Until the current global pandemic made the angel of death an all too evident and unwelcome visitor in our midst, most people would have agreed with Roger Rosenblatt’s observation that “Death is something that happens to others, you think, until it happens to you.”
It seems we are biologically as well as psychologically oriented to deny our mortality. That’s because, researchers say, our brains do their best to keep us from dwelling on our inevitable demise. A study found that the brain shields us from existential fear by categorizing death as an unfortunate event from which we ourselves are exempt. “The brain does not accept that death is related to us,” in the words of Yair Dor-Ziderman, at Bar Ilan University in Israel. “We have this primal mechanism that means when the brain gets information that links self to death, something tells us it’s not reliable, so we shouldn’t believe it.”
Unfortunately, death is all too real. All of us will die. And as has become tragically clear in the past few months it can come without warning, condemning the young as well as the elderly, the perfectly healthy together with the infirm and the sickly.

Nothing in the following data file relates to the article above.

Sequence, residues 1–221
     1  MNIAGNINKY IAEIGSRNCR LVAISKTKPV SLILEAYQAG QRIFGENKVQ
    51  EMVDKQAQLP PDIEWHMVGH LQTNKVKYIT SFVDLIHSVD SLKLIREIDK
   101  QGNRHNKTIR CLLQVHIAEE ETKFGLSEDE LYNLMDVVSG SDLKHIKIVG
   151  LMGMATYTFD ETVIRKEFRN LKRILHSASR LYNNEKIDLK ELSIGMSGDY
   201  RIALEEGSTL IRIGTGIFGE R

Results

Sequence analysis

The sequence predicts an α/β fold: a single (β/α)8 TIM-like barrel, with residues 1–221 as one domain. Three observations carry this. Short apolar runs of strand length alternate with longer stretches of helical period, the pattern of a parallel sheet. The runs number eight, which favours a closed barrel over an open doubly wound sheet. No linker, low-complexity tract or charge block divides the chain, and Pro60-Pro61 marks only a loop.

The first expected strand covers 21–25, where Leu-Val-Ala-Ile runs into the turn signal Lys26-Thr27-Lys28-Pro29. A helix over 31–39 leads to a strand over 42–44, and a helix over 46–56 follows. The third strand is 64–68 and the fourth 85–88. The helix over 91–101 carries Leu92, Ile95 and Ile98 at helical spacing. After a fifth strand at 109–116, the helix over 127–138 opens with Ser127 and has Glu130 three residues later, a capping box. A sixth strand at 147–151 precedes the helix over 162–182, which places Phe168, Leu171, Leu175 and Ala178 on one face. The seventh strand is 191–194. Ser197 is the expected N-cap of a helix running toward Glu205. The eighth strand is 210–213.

Strange then that so little preparation is made for a universal encounter which cannot be avoided, especially during this time of coronavirus when death’s sudden appearance comes without allowance for preparation or prior discussion.
Dr. Laura Schellenberg Johnson, a palliative care doctor for Covid-19 victims, wrote of the difficulty in determining methods of care for those who become too sick too fast to make their own healthcare choices. “Recently, the son of a critically ill patient asked that we postpone major decisions about his father’s care until he had improved enough to participate in the conversations. ‘I’m not sure what he would want,’ the son said. ‘We never talked about it.’ ” Dr. Johnson concludes: “It is hands down the most common thing I hear from families.”
- 90% of people say that talking with their loved ones about end-of-life care is important. Yet, only 27% have actually done so.
- 80% of people say that if seriously ill, they would want to talk to their doctor about wishes for medical treatment toward the end of their life. Only 7% report having had this conversation with their doctor. (Survey of Californians by the California HealthCare Foundation, 2012)
- Research shows that as many as one third of seriously ill, hospitalized older people are receiving invasive treatments they don’t want at end-of-life, because no one has talked to them about their wishes for future care.